Space & Innovation

NASA Snaps 3-D Pics of Weather From Space

Satellites capture 3-D pictures of raindrops and snowflakes, to measure their size and understand how storms work. Continue reading →

You might assume that all raindrops are the same, but scientists say that's not the case. And they now have the pictures to prove it.

Thanks to a research effort by NASA and the Japan Aerospace Exploration Agency, researchers have taken the first 3-D snapshots of precipitation - both raindrops and snowflakes - from the vantage point of space.

The pictures were taken from the GPM Core Observatory, a satellite launched in 2014 that's a collaboration between the two nations. GPM's mission is to gain a better understanding of Earth's water and energy cycles and provide better forecasting of extreme events that cause natural disasters. The snapshots help further those objectives.

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"The drop size distribution is one of many factors that determines how big a storm will grow, how long it will last and how much rain it will ultimately produce," Joe Munchak,a research meteorologist at NASA's Goddard Space Flight Center in Greenbelt, Md., said in a NASA press release. "We've never been able to see how water droplet sizes vary globally until now."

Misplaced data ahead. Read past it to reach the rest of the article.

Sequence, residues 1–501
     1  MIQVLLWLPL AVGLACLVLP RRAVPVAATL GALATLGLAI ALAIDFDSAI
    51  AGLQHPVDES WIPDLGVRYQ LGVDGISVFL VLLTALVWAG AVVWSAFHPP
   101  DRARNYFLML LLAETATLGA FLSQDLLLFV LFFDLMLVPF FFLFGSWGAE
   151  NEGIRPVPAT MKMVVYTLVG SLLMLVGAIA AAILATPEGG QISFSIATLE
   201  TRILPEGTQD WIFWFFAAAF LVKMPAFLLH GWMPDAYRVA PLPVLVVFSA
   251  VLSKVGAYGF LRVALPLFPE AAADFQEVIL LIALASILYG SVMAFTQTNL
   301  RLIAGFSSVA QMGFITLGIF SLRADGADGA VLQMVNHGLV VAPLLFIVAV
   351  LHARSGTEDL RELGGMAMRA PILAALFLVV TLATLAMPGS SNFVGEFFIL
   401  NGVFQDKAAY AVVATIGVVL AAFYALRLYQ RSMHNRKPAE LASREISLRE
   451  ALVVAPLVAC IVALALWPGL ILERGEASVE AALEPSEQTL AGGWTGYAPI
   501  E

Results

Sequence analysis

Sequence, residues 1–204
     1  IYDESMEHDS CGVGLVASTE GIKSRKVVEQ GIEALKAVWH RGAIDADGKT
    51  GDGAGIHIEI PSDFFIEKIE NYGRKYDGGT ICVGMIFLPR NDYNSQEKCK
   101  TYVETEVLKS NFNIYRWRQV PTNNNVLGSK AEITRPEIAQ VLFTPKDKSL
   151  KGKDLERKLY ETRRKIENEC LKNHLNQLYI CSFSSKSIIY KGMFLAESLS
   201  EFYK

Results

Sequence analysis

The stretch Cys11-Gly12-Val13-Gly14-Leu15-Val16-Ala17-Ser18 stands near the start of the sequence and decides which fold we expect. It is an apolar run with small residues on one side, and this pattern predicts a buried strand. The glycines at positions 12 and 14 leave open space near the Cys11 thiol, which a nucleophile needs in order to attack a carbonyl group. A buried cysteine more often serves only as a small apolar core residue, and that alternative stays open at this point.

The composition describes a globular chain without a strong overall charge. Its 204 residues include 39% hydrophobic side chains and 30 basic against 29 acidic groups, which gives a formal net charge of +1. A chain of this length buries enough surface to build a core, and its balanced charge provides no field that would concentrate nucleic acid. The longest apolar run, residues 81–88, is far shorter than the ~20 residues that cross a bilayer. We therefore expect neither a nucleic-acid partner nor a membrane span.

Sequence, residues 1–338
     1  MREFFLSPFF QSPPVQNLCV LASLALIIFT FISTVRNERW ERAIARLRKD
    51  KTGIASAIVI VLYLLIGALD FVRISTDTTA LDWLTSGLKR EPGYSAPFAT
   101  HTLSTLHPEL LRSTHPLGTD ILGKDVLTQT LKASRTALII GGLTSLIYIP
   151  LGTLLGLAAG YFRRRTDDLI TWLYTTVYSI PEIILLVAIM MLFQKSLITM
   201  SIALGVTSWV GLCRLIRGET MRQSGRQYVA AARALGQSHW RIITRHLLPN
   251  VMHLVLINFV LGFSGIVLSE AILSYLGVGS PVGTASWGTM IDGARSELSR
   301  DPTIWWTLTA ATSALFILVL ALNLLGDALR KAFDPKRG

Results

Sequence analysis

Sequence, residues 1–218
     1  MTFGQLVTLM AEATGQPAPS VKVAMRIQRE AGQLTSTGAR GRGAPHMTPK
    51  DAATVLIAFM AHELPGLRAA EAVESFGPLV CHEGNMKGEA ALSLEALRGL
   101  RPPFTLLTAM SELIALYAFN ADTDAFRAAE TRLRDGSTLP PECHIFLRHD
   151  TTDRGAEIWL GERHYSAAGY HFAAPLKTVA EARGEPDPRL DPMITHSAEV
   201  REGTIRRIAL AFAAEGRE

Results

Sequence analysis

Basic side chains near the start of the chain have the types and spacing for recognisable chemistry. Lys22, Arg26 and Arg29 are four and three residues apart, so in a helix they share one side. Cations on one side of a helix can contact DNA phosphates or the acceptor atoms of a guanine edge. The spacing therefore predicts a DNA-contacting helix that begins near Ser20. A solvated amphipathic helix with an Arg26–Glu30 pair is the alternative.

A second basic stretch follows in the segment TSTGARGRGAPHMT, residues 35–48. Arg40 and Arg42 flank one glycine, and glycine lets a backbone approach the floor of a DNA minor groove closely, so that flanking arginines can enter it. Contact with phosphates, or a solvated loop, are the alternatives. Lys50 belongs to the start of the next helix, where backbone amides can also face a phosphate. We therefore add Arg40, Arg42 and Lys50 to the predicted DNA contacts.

Clouds generate different sizes of water droplets, depending upon various factors. The cores of clouds at lower altitudes generally produce bigger raindrops, because they collide with each other and combine as they fall to Earth. On the edges of clouds and at higher altitudes, in contrast, make smaller droplets, which are less likely to combine. Scientists refer to the number of drops and snowflakes of different sizes at various locations within a cloud as the "particle size distribution."

That's important, because the ratio of large drops to medium or small-sized ones helps scientists to predict the amount of rain or show that will fall. According to Munchak, scientists used to be limited in such predictions, because of a lack of data.

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"Without knowing the relationship or the ratio of those large drops to the smaller or medium sized drops, we can have a big error in how much rain we know fell and that can have some big implications for knowing long term accumulations which can help with flash flood predictions," said Munchak.

Scientists created the 3-D images with data collected by the satellite's Dual-frequency Precipitation Radar (DPR). They also utilized the GPM Microwave Imager, which uses a set of 13 optimized frequencies to retrieve heavy, moderate, and light precipitation measurements at the Earth's surface.

This image shows how the size and distribution of raindrops varies within a storm. Blues and greens represent small raindrops that are 0.5-3.0 millimeters in size. Yellows, oranges and reds represent larger raindrops that are 4-6mm in size. A storm with a higher ratio of yellows, oranges, and reds will contain more water than a storm with a higher ratio of blues and greens.